Communicating Joy Wordlessly


'Auntie,'' as she was called, spoke no English. I spoke no Chinese. She was a rarity in my neighborhood of Indianapolis. The ethnic community in this city is not large, but it's growing.

She was the housekeeper for a family of four and had come to the United States only a year earlier from her native Hong Kong. I was the part-time nanny for the family's children, nine-year-old Brian and 11-year-old Laura, and it was my job to see that they got their dinner on time.

Brian and Laura's mother was a stockbroker who often worked late; their father, a college professor who had classes in the evening. I saw to it that the children did their homework, watched only a little TV, took baths, and got into bed at a decent time. Auntie was primarily responsible for dinner and cleaning up.

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Auntie was small of stature and had frizzy hair that she liked to style herself occasionally. She would wind her hair around tiny silver rods and then sit under a huge dome hair dryer that she wheeled into the kitchen. It was her one luxury in life - to break the weekly routine of cooking and cleaning.

Auntie knew a few words of English. She could say ''hi,'' ''bye,'' and ''thank you.''

She always had dinner on the table at 6:30 p.m. sharp. But you never knew what she would prepare. Sometimes it was Chinese, sometimes American. I learned to eat some wildly different food. For instance, one night we had highly seasoned fried anchovies with the ever-present bowl of rice. Another night we had delicious steamed pork with onions and shitake mushrooms - a real feast for my uninitiated American tastes.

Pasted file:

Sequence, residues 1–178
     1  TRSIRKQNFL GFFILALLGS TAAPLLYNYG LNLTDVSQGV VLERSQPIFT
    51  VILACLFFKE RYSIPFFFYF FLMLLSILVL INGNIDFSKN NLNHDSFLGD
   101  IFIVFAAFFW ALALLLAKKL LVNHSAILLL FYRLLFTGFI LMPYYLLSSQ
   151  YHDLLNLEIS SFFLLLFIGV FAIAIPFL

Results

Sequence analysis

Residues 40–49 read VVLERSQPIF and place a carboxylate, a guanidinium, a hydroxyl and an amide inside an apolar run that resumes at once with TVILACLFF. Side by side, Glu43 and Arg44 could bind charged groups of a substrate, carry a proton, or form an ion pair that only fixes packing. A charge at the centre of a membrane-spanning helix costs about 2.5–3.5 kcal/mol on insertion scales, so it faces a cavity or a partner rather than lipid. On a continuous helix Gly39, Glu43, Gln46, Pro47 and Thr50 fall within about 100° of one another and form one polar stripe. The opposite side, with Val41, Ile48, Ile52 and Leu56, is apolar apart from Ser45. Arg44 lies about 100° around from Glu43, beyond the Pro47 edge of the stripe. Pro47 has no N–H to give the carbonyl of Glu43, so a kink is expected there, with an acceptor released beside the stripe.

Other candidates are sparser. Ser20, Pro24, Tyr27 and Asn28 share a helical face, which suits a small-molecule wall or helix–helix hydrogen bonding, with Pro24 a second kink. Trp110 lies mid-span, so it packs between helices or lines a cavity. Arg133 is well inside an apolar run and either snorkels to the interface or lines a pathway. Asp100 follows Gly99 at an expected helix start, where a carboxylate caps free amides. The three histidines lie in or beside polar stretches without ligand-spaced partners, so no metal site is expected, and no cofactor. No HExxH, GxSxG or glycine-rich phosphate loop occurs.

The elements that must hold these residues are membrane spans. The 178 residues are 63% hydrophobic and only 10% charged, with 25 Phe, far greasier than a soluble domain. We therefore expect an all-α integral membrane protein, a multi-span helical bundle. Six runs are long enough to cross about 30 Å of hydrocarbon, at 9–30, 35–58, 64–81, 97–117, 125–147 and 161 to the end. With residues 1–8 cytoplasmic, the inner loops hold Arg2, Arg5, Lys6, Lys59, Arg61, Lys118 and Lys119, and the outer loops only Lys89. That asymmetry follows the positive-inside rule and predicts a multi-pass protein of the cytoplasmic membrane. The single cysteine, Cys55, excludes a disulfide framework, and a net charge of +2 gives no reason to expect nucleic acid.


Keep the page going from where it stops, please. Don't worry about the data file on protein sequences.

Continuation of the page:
Auntie and I had to communicate with gestures and hand signals. Brian and Laura had an understanding of Auntie as only children do. I would point to one dish and say, ''Good,'' and flash a winning smile, and Auntie would understand that I liked it.

Later on, we would both share in a joke by laughing at Brian because he would cram his mouth so full of food he would have a hard time chewing. Sometimes Auntie would feed Brian, gently teasing him by saying, ''Ba-be.''

What impressed me most about Auntie was her ready smile. She had indefatigable joy, and when I would thank her for dinner she would grin from ear to ear.

Auntie liked to sew, and after the dinner dishes were done, she would sit down with a quilt and stitch contentedly. She would proudly show me the creative designs she made out of colorful fabrics. They were beautiful, and every stitch was perfect.

One night I brought my needlepoint along to sew after dinner. Auntie spied me working on it and asked, by pointing at the needlepoint and at herself, if she could try it. I handed her the canvas.

The light of the lamp from the table beside the chair shone on her sweet face. I showed her a few stitches, then she tried. Ever so artfully, she blended the stitches inside and out, back and forth, one after the other. The needle glistened in the light, casting a glow over her tiny hand. Every stitch was perfect, in fact, even more so than those I had done. She was so proud of her handiwork.

I spent only a semester, several times a week, at Brian and Laura's, but that time with Auntie sparked in me a new curiosity about Chinese culture.

I had grown to love her gentleness, her extreme politeness, and to understand a little how she must have felt not being able to communicate with me, although she tried.

Auntie and I had gained a mutual appreciation of each other in our short time together. She respected my handling of the children; I respected the way she so artfully cared for the home.

I stopped taking care of the children at Christmas, but I gave Auntie a Christmas gift as well as the children: a very intricate needlepoint kit. I never heard whether she finished it, but it doesn't matter; my real gift to her and her gift to me was in the sharing of two different backgrounds and worlds.

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